George Lindsay often asserted that there was a great deal of regularity in the duration of bull market advances and bear market declines. He believed that his theory of Basic Advances and Basic Declines, when coupled with simple technical methods based on the number of advancing issues on the New York Stock exchange, outperforms any other timing method.
Basic Advances and Basic Declines are intervals of time, usually (but not always) starting at bear market lows and bull market highs respectively. Lindsay observed that the durations of these time intervals seemed to cluster around certain specific numbers. He grouped these numbers into categories. For example, a basic advance could either be subnormal, normal, long or extended. He made several other observations about basic advances and declines which help to anticipate the length of the current one. For more on this theory you should read Lindsay's article "Counts from the Middle Section" which is reprinted in the booklet "Selected Articles by the Late George Lindsay".
The chart above records the monthly ranges of the Dow Jones Industrial average since 1998. I have drawn green and red lines on the chart showing my current estimates of the postions of Lindsay's basic advances (green lines) and declines (red lines).
In my 2003, 2004, 2005 , and 2006 stock market forecasts I worked under the hypothesis that a basic advance began in March 2003 at point A in the chart above. If this were correct then this basic advance should have ended after March 2005 but no later than December 2005, point AA in the chart. As you can see the Dow has gained strength during these first three months of 2006 and this has convinced me to set aside this hypothesis.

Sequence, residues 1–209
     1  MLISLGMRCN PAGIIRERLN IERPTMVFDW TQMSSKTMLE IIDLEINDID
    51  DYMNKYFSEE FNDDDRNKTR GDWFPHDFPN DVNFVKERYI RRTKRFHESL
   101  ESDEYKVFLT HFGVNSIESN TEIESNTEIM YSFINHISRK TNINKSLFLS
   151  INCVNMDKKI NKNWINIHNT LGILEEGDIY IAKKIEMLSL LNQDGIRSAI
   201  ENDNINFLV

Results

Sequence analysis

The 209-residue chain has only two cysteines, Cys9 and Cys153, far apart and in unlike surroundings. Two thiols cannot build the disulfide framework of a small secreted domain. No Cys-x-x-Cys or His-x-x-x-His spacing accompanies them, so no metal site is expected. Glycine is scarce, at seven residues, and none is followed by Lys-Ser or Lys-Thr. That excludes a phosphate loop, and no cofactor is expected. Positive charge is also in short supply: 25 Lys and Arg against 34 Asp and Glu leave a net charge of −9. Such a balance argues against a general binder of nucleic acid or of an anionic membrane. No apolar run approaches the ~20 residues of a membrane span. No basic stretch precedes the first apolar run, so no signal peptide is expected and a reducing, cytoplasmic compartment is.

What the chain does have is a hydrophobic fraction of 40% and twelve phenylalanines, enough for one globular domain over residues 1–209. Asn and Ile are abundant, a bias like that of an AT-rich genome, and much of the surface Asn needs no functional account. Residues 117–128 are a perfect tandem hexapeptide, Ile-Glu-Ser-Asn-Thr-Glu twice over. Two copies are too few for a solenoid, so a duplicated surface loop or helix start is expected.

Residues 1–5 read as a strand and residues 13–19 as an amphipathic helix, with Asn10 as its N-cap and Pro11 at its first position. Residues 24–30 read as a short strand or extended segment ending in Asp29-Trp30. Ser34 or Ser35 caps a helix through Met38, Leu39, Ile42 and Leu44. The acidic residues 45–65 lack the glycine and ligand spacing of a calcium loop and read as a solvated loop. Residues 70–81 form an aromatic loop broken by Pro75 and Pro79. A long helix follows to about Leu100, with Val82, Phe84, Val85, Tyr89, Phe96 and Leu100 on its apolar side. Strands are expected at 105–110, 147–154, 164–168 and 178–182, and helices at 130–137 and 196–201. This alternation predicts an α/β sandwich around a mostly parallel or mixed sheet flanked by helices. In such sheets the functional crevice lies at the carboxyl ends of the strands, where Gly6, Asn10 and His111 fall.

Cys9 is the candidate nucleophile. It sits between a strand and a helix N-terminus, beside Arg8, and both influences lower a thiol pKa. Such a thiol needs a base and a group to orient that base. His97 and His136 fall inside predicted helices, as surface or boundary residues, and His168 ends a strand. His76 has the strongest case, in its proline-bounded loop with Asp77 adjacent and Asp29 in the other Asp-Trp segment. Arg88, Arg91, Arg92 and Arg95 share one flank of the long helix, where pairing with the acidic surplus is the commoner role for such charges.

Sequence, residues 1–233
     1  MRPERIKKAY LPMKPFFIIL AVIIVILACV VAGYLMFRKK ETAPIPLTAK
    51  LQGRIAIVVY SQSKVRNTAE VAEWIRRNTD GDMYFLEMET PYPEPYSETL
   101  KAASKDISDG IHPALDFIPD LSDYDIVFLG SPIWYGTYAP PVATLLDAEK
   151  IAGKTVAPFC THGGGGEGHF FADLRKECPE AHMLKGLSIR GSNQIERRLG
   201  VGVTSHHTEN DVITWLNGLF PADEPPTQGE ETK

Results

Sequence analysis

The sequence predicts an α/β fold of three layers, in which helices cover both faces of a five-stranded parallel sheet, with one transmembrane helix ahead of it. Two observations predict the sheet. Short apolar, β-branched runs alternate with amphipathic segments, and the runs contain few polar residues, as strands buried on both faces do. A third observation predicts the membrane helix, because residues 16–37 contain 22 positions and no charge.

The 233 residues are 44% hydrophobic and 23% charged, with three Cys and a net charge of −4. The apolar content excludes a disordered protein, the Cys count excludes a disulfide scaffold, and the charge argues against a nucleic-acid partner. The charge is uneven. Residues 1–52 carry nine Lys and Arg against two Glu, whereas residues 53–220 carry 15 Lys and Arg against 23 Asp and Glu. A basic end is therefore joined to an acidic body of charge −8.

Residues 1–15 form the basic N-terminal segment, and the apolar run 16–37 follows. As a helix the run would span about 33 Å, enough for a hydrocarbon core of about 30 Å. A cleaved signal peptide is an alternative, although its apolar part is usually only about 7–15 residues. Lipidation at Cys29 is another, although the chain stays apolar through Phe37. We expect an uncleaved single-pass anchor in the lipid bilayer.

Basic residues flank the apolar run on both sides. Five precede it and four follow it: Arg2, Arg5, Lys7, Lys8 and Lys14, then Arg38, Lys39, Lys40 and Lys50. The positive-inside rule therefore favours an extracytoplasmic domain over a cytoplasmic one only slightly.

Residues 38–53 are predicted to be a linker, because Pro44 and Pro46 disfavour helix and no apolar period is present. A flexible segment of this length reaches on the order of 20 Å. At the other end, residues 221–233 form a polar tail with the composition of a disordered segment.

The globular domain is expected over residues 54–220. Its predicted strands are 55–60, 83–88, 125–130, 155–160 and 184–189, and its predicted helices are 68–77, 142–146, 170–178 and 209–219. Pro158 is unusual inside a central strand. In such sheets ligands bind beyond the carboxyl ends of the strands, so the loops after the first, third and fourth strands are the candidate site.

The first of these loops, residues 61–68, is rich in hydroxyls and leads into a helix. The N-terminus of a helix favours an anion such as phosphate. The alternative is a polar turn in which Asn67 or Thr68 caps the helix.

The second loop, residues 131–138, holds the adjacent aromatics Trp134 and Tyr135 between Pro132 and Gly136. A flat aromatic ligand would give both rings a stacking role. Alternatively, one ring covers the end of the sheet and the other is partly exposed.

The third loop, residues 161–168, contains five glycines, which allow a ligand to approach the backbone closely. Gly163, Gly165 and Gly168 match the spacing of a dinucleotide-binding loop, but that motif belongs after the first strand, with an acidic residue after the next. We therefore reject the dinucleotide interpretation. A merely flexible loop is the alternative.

Instead I now think that the Dow is nearing the end of two subnormal basic advances, one which began from the October 25, 2004 low and the other from the April 20, 2005 low. Both these subnormal advances followed on the heels of extended advances as they should. I think subnormal advances make sense here because any longer advance would put the top further away from the 15 year, 3 months projection of a major top for January 2006. Longer advances would also be inconsistent with the imminent completetion of the Three Peaks and a Domed House formation.
The best agreement I can come up with for the end of these two subnormal advances is the May 25 - June 5 2006 time period. This is spot on with the standard time projection from point 14 of the Domed house of 7 months 10 days. This makes me think that my projection of a bull market top for April 25 is now somewhat less likely to be correct than the projection of a top for roughly June 5.